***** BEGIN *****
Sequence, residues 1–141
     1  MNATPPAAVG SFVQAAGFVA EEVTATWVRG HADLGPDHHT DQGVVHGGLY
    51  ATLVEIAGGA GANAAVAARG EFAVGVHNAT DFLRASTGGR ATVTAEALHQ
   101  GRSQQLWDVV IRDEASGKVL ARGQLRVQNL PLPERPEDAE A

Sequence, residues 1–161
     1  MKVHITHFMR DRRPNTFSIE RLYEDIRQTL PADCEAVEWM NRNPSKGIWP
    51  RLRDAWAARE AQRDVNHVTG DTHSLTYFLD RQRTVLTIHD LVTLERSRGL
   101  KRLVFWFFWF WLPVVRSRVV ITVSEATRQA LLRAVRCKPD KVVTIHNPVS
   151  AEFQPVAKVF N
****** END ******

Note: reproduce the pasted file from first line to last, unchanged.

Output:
Sequence, residues 1–141
     1  MNATPPAAVG SFVQAAGFVA EEVTATWVRG HADLGPDHHT DQGVVHGGLY
    51  ATLVEIAGGA GANAAVAARG EFAVGVHNAT DFLRASTGGR ATVTAEALHQ
   101  GRSQQLWDVV IRDEASGKVL ARGQLRVQNL PLPERPEDAE A

Sequence, residues 1–161
     1  MKVHITHFMR DRRPNTFSIE RLYEDIRQTL PADCEAVEWM NRNPSKGIWP
    51  RLRDAWAARE AQRDVNHVTG DTHSLTYFLD RQRTVLTIHD LVTLERSRGL
   101  KRLVFWFFWF WLPVVRSRVV ITVSEATRQA LLRAVRCKPD KVVTIHNPVS
   151  AEFQPVAKVF N